6 Companies Reimagining Last-Mile Delivery
This post is the latest in our “Disrupting Retail” series. It’s our editorial focus for the month of July, including topics like in-store innovation and Amazon’s moves. See the rest of the series here.
The demands on ecommerce retailers have never been greater. Consumers want the widest product selection at the lowest price, and they want their purchases to be delivered on their doorsteps in less time than it would take to run to a local store. With more competition than ever before, retailers are working overtime to meet consumer demands and get products into customers’ hands as quickly as possible.
With that goal in mind, there’s a renewed push in Silicon Valley to tackle last-mile delivery. The use of autonomous vehicles, drones, and artificial intelligence is what more and more vendors are pushing for. Last-mile delivery is the most expensive part of shipping, and increasing fees mean prices are only going higher. The company that can get goods from a transportation hub to the customer’s doorstep in the shortest amount of time will win the retail game, and technology firms are hoping that their innovative solutions will be the answer that retailers are looking for.
Here are six examples of companies that are working to innovate in the last-mile delivery space.
Boxbot sees itself as the future of last-mile delivery. Powered by automation, Boxbot utilizes a combination of self-driven vehicles, automated local hubs, and delivery software that connects automation to partners, drivers, and consumers. The result is a streamlined delivery system that gets orders to consumers on schedule, at lower costs than competitors. Earlier this summer, Boxbot announced a new deal with the shipping company OnTrac. Boxbot’s fleet of street-based delivery vehicles will now be handling OnTrac’s packages in certain areas of Oakland.
2. Spark Delivery
Walmart has been testing its own last-mile delivery solution. The retailer’s Spark Delivery service was created to get groceries from local Walmart stores to customers’ doorsteps. Spark Delivery is a crowd-sourced platform. Drivers who’ve signed up with Delivery Drivers, Inc., a nationwide firm that specializes in last-mile contractor management, can login to an in-house platform and sign up for windows of time to deliver groceries for Spark. Most elements of the actual delivery process, including order details and navigation assistance, are managed through an in-house platform. Other components of Spark’s technology suite are powered by Bringg, a delivery logistics technology platform.
3. Amazon Flex
Amazon’s own last-mile delivery service is called Amazon Flex. Amazon Flex was developed to recruit contract workers to pick up packages from Amazon’s distribution center and drop them off at customers’ homes. According to Amazon, Flex drivers can set their own schedules and get paid between $18 and $25 per hour. Drivers’ vehicles must meet certain requirements, and drivers are expected to pay for gas and other vehicle maintenance costs. The program is only live in select markets, however Amazon plans to continue rolling out its Flex delivery service as it develops.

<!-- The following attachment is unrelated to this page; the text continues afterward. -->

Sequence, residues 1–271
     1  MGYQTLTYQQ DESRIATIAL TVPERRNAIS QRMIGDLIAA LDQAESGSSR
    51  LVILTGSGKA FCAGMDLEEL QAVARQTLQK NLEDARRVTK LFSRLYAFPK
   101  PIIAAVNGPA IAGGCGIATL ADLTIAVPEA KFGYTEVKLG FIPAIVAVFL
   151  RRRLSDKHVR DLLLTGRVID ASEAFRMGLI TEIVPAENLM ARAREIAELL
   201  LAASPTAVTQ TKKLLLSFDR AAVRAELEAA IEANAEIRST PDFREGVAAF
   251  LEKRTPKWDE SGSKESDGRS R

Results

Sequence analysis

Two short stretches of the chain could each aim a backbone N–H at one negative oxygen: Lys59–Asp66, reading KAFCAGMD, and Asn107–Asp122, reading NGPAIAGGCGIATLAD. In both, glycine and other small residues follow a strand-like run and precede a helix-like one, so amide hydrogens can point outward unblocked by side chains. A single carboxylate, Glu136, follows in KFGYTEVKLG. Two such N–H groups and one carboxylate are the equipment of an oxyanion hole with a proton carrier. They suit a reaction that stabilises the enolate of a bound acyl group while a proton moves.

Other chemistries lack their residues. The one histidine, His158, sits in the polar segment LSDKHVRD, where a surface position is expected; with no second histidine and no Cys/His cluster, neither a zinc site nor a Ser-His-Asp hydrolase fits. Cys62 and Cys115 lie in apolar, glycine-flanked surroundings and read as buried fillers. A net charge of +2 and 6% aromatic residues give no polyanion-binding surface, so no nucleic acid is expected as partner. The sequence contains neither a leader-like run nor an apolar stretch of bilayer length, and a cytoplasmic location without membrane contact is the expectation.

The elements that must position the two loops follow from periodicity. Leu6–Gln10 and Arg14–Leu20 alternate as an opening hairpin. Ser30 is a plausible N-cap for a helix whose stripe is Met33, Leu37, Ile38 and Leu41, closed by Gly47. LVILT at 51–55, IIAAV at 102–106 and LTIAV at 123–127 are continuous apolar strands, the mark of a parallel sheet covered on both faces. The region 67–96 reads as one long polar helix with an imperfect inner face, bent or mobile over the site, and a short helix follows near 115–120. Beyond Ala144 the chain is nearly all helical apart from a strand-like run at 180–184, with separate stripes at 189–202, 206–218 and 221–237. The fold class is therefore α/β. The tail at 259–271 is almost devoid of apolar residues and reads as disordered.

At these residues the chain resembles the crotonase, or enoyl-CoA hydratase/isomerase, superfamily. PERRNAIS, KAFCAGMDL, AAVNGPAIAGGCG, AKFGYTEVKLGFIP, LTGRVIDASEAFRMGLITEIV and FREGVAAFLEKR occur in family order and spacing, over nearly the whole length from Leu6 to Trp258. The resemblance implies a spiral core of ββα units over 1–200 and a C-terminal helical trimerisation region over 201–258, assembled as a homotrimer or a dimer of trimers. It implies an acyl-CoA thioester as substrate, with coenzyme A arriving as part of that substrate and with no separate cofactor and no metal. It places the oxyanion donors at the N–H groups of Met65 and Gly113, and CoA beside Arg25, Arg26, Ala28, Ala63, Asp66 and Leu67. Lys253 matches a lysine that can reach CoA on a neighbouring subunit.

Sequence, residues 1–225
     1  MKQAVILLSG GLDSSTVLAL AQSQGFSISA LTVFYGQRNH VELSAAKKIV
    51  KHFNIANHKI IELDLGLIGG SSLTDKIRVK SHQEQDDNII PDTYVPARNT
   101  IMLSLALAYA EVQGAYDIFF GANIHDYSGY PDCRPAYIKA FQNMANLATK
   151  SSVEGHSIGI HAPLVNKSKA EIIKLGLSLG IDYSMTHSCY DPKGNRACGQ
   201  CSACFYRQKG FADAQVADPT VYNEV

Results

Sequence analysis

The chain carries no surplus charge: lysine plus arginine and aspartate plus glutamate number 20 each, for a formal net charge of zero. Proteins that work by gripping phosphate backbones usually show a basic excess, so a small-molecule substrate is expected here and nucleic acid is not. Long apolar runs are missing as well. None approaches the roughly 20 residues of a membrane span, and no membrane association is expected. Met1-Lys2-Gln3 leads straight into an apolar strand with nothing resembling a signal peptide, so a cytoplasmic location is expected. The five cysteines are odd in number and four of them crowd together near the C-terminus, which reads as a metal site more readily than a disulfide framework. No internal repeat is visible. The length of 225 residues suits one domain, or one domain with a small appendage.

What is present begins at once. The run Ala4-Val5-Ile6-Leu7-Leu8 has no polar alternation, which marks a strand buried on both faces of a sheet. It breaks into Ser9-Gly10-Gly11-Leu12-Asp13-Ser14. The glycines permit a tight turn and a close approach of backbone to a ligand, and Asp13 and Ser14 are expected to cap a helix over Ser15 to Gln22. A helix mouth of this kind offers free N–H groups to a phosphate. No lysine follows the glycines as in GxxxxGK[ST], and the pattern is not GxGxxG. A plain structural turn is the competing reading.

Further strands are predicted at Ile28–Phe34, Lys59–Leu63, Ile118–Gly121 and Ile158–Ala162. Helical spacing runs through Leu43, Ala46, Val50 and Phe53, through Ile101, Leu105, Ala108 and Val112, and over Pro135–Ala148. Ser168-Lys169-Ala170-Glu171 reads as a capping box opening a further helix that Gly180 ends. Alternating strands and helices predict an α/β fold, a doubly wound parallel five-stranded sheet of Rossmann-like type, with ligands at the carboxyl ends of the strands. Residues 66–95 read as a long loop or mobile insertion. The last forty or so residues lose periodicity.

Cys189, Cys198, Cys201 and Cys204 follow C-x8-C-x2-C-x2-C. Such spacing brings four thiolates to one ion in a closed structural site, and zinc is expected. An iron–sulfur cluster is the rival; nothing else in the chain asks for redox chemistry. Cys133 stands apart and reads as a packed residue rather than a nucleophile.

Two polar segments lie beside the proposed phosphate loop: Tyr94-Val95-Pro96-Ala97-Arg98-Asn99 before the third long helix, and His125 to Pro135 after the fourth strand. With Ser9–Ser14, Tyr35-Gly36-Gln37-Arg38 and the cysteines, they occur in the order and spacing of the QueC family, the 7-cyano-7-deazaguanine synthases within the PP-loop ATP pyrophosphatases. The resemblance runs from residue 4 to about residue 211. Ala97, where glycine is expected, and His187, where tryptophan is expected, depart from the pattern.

The robo-delivery startup Nuro was founded by two engineers who contributed to Google’s self-driving car project. The company is focusing on designing a small, packable, on-road vehicle that can handle last-mile delivery. Nuro’s vehicles are designed to handle all kinds of errands and deliveries, and because they’re fully autonomous, the company says its service will be cheaper than traditional delivery services. Two of Nuro’s early partners have been Kroger and Domino’s. Nuro has launched pilot programs in Houston and Scottsdale.
Ocado is an online grocer based in the UK that has spent a lot of time trying to solve the last-mile conundrum. The company has developed specialized delivery vehicles that can be loaded with racks of groceries that have been specially designed to fit every extra inch of space. Ocado has also developed a routing algorithm to ensure that groceries are loaded into its vehicles in an order that makes sense with the driver’s delivery path. Earlier this year, Ocado announced a partnership with Kroger. Together, the companies plan to build automated grocery warehouses in the U.S., hoping that Ocado’s system will help Kroger fill delivery orders quickly and with a high level of accuracy.
Starship Technologies is building a network of robots that can deliver items anywhere, at any time. Starship’s robots can carry groceries and packages within a two-mile radius. The company plans to deploy its robots in neighborhoods, corporate campuses, and university campuses, with the goal of making local deliveries faster, smarter, and more cost-efficient. Previously, Starship has partnered with on-demand food delivery startups like DoorDash and Postmates. As of February, its robots had made 30,000 deliveries.
Stephanie Miles is a senior editor at Street Fight.